and Cromarty as far as Kilmuir Castle and Tarbat House 
on the northern shore of the Cromarty Firth. In 1859 they 
appeared in Sutherland, and were plentiful in the east of 
the county in the 'seventies, an increase attributed by 
Dr Harvie- Brown to the advantage taken by the Squirrels 
of the Highland Railway Bridge built at Invershin in 1869. 
It is probable that Squirrels would make use of this bridge 
in moving across the river, but it seems to me that the 
argument makes too much of the possibility of a stream 
acting as a barrier. Squirrels are excellent and deliberate 
swimmers. They have frequently been observed swimming 
from one point to another across the fjords of Norway, and 
in the Field of January 27, 1917, the distances of some 
of their journeys are given the most striking example being 
a direct swim of some 500 metres, about one-third of a 
mile, which was made without break, notwithstanding that 
there were two places on the way where the tiny navigator 
could have rested had it wished. We can, therefore, hardly 
regard the River Oykell as a serious barrier : the less so 
when we take into account that it had already been crossed 
for many years by Bonar Bridge, three miles down the river. 

So common and destructive did Squirrels become in 
east Sutherland that, in the seven years between 1873 and 
1880, 942 were killed at Dunrobin. In recent years the 
increase of Squirrels in this area has been phenomenal, and 
some account of the extraordinary numbers slain is given in 
the discussion of the Squirrel as a pest (p. 181). 

The heights of Morven and the ranges of hills which form 
the boundary between Sutherland and southern Caithness, 
as well as the treelessness of the latter county, seem to have 
stayed their northward progress, for as late as 1887, Squirrels 
were unknown in Caithness, although they have since be- 
come common in the Berriedale district. It is not surprising 


to learn, however, that they have found an easy and natural 
route from the North Sea to the Atlantic coast by way of 
Strath Oykell, Glen Einig, and, on the western watershed,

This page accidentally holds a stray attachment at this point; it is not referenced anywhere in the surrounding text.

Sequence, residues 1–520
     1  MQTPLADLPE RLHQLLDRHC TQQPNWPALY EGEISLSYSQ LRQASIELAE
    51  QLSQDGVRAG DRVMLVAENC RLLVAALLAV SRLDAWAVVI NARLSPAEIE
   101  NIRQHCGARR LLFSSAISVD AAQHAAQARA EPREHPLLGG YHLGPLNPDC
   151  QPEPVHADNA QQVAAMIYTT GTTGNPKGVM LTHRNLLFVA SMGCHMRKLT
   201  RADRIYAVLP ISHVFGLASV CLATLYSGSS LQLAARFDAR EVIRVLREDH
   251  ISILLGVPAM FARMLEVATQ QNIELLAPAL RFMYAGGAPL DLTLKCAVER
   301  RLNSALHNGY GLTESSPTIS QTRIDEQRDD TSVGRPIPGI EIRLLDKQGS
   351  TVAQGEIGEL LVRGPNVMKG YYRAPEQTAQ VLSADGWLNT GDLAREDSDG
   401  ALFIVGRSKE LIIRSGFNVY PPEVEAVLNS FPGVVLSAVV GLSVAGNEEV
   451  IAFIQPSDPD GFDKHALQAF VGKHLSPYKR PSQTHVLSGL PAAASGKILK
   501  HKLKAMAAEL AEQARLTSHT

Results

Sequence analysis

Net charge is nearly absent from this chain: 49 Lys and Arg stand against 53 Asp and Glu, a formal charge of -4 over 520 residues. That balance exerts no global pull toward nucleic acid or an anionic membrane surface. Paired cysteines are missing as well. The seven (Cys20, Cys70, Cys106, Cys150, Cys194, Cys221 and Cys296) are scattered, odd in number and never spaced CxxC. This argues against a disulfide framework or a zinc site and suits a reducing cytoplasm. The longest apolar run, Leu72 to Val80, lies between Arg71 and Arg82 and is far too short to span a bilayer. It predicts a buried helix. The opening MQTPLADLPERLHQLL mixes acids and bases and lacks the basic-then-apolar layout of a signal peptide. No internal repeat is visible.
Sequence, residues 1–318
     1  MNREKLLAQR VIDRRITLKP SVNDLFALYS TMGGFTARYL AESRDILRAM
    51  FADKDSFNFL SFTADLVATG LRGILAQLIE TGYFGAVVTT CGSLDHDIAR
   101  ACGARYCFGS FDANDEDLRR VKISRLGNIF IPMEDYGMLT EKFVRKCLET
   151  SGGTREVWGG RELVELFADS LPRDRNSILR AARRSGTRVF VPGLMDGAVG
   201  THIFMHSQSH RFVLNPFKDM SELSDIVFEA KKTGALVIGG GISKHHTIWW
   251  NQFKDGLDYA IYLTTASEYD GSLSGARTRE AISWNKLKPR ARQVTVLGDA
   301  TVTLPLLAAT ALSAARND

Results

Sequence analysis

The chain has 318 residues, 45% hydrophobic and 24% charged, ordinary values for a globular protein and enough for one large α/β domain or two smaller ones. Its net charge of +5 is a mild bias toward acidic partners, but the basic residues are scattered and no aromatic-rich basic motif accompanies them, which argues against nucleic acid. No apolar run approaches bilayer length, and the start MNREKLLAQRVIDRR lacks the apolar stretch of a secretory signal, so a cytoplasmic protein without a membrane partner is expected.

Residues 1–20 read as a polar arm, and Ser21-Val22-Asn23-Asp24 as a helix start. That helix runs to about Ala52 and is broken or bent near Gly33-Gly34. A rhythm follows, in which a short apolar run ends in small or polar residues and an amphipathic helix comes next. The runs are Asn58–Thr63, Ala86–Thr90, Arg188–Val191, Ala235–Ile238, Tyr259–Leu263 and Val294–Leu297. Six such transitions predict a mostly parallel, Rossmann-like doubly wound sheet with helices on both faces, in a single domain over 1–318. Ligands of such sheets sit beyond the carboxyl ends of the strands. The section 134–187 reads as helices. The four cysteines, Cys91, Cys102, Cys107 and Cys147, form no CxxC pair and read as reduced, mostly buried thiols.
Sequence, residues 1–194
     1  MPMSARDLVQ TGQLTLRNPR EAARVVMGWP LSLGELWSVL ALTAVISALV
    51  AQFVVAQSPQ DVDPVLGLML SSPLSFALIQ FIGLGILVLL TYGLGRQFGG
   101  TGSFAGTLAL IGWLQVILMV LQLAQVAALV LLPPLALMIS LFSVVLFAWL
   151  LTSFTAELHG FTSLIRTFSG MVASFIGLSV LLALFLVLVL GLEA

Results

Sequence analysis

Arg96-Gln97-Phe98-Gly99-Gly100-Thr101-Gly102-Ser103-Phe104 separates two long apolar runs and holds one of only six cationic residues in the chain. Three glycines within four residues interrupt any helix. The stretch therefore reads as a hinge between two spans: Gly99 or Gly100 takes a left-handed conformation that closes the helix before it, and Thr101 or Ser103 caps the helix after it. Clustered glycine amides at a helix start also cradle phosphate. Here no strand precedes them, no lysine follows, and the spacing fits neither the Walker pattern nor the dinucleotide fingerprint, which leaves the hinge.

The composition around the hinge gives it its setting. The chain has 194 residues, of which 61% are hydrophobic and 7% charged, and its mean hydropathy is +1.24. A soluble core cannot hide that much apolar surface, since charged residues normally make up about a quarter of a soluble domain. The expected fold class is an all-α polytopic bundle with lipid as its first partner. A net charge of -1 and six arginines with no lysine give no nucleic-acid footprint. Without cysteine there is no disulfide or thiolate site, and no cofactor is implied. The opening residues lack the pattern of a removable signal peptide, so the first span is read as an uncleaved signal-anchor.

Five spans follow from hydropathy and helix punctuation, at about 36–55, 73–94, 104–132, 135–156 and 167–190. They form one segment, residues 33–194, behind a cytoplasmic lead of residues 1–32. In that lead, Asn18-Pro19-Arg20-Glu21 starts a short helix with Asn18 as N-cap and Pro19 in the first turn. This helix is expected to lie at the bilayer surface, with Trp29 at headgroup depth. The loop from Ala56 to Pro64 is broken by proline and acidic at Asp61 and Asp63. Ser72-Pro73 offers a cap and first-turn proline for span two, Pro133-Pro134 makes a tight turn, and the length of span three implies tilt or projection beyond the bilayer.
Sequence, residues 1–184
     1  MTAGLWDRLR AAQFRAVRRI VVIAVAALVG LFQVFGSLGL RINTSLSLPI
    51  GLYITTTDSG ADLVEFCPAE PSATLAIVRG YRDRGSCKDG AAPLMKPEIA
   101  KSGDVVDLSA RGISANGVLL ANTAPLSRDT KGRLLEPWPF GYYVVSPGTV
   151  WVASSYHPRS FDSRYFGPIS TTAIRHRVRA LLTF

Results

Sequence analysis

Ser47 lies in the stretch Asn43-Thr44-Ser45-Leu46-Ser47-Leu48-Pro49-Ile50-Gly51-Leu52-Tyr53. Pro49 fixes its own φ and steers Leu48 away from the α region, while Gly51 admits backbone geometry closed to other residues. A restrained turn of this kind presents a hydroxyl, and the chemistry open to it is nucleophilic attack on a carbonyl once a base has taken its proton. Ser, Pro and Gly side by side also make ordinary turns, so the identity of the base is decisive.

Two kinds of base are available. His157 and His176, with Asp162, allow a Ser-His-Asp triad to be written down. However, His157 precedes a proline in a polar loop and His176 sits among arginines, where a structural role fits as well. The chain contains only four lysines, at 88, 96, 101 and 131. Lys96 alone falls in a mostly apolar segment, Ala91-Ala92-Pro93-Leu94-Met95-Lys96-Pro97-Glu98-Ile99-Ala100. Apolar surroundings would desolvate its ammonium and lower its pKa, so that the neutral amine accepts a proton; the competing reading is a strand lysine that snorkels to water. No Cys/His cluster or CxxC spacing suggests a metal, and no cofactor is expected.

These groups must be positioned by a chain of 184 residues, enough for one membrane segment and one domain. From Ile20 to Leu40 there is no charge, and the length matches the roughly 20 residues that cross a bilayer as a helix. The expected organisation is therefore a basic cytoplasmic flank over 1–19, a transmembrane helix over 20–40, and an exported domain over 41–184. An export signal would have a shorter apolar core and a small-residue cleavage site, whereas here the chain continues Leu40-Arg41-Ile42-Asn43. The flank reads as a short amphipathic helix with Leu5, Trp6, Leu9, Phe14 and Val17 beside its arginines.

Glen Achallt, so that in 1893 they appeared on the shores 
of Loch Broom. 

Great as was the progress of the northern advance from 
Beaufort, the southern and eastern movements were as 
rapid and as extensive. In 1848 Squirrels had reached the 
banks of Loch Ness near Dochfour, and from Glenurqu- 
hart proceeded to Glenmoriston where they became 
common in 1864. Still holding along the northern bank of 
Loch Ness they reached Fort Augustus about 1851 and 
Glen Garry some three or four years later. Thence they 
penetrated to northern Argyllshire, where they were seen in 
1891 on the shores of Loch Eil, and pushing westwards they 
reached the Atlantic coast in Ardnamurchan in 1896. 

To the east from Beaufort, the fertile and wooded levels 
bordering the Moray Firth allowed of easy progress. The 
town of Inverness was surrounded in 1851, and by regular 
advances the Squirrels reached Nairnshire (Cawdor) in 1855, 
Morayshire (Glen of Rothes) in 1860, and then, in company 
with wanderers from the forests of Speyside, crossed the 
narrow waist of Banffshire to Aberdeenshire, where they 
reached Drumblade near Huntly, about 1864, Turriff in 
1865 or 1866, Fyvie in 1867, and Troup Head in 1875 or 
1876. In steady stream they seem to have trooped down 
the valley of the Ythan from F^yvie to the woods about 
Haddo House, and thence to the neighbourhood of Ellon, 
where Dr R. M. Wilson noticed them in the early 'eighties. 
They are now also common in the isolated woods of Pitfour 
House near Old Deer. So the north-eastern corner of 
Aberdeenshire is no longer the untrodden ground which 
Dr Har vie- Brown found it to be close on forty years ago. 


While artificial restorations of the Squirrel were being 
made at these scattered localities, it is possible that the old 
native race itself was making new efforts to retrieve the 
ground it had lost, stimulated by the growth of new wood- 
lands in places which before had been barren. We can 
hardly believe that, so long as some of the great native 


forests still spread over miles of territory, a few pairs of 
Squirrels did not survive in their depths, awaiting the dawn 
of a new era to multiply and spread. 

Dr Harvie-Brown was of opinion that such a resuscitation 
took place in the Forest of Rothiemurchus on the northern 
flanks of the Inverness-shire Grampians. Squirrels were seen